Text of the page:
Newly Matched SGU Students Prepared to Strengthen Canadian Health Care

St. George’s University has long provided a pipeline for Canadian students to return to their home country to practice, and 2016 was no exception. Through the Canadian Resident Matching Service (CaRMS), nine students matched with first-year residency positions in Canada and will begin their postgraduate training this summer.

SGU students will complete their postgraduate training in internal medicine, family medicine, and psychiatry at such programs as Queen’s University, the University of British Columbia, the University of Manitoba, the University of Ottawa, the University of Saskatchewan, the University of Toronto, and Western University. A second match iteration will take place in April.

“We congratulate those students who were selected to launch their medical careers in beautiful Canada,” said St. George’s University President and CEO G. Richard Olds. “We firmly believe that program directors at these institutions will find that these future SGU graduates have the knowledge, skills, and bedside manner needed to shine from the moment they begin as first-year residents.”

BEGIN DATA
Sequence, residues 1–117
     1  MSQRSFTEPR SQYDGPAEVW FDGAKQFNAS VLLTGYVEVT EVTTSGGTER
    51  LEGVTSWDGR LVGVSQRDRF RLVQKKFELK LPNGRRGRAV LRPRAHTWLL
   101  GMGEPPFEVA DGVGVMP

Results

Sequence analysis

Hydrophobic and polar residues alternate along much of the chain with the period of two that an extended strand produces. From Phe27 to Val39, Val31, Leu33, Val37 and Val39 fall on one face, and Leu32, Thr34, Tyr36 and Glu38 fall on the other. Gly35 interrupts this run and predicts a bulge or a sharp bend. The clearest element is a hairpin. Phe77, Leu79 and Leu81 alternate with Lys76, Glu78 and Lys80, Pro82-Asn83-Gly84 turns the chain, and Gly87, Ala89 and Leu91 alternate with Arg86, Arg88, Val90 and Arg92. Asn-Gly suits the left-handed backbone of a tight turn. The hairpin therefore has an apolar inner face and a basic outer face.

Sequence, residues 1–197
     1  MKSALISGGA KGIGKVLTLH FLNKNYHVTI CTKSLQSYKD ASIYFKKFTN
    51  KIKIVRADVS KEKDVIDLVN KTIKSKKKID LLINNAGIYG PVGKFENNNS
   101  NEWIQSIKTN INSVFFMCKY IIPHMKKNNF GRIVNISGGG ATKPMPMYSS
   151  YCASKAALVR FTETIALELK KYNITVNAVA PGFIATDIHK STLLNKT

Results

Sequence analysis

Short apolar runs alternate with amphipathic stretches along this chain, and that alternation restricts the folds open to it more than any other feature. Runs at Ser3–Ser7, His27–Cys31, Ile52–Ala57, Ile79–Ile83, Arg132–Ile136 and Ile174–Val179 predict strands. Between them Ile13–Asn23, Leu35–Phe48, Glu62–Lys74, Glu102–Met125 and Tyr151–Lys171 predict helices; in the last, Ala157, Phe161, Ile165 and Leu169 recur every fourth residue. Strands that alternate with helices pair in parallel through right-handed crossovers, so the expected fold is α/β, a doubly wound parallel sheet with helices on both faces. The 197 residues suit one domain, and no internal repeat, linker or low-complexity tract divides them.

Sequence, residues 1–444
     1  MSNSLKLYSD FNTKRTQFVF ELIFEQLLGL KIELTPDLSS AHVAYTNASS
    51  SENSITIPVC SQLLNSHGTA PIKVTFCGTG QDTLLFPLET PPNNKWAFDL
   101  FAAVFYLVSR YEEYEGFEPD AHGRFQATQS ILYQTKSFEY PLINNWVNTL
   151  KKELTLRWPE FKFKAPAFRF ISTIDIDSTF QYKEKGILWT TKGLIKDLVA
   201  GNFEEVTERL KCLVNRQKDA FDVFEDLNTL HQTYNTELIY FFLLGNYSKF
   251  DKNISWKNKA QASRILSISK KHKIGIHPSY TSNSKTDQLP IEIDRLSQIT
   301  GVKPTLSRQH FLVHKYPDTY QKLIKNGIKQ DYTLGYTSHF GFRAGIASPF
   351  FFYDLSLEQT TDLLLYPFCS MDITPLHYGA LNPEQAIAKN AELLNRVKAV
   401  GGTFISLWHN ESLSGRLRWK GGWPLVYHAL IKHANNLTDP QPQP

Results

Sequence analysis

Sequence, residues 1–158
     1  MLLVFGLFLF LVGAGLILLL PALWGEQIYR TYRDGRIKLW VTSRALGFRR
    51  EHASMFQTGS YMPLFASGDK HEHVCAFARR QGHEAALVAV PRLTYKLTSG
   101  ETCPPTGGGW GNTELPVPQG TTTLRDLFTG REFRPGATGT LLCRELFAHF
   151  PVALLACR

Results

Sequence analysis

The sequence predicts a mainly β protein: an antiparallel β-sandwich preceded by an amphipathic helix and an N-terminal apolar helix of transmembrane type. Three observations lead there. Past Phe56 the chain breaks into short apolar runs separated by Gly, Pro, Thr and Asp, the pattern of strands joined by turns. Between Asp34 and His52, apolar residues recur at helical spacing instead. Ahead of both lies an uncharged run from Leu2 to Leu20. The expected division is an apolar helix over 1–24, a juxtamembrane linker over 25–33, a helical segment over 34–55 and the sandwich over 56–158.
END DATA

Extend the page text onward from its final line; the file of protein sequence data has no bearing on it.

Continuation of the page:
Having earned his Master of Science from the University of Toronto, Jason Lam was delighted to match into U of T’s orthopaedic surgery program. He bolstered his credentials leading up to the match by completing electives in Canada, and worked closely with his Canadian clinical advisor to steer his way to his top-choice program.

“It was absolutely surreal,” Mr. Lam said. “Being able to return home and to train in a field I’m immensely passionate about is a dream come true.

“St. George’s University provided me with a wealth of resources to allow me to be prepared for both my exams and clinical training,” he added. “The diversity of my clinical experiences throughout medical school makes me feel very prepared for residency. SGU undoubtedly provides students with solid basic science education and superb clinical training, along with the opportunity to match into even competitive residency programs.”

Paul Howatt matched in family medicine at Western University, his top choice in the field. He enrolled at SGU through the Keith B. Taylor Global Scholars Program (KBTGSP), for which students spend the first year of their medical education at Northumbria University before one basic sciences year in Grenada and two more in clinical rotations.

“Attending SGU was an excellent opportunity for training to be a doctor, and it was particularly good at preparing me for the US board exams,” Mr. Howatt said. “I had a blast living in England for my first year, with fantastic teaching from the instructors.”

More than 1,200 Canadians have graduated from the School of Medicine since it opened in 1977, and over 600 Canadian students are currently enrolled at the University. SGU’s Canadian medical students taking the United States Medical Licensing Examination for first time in 2015 registered a 97 percent pass rate and highly competitive 228 mean score.

Published on 3/20/16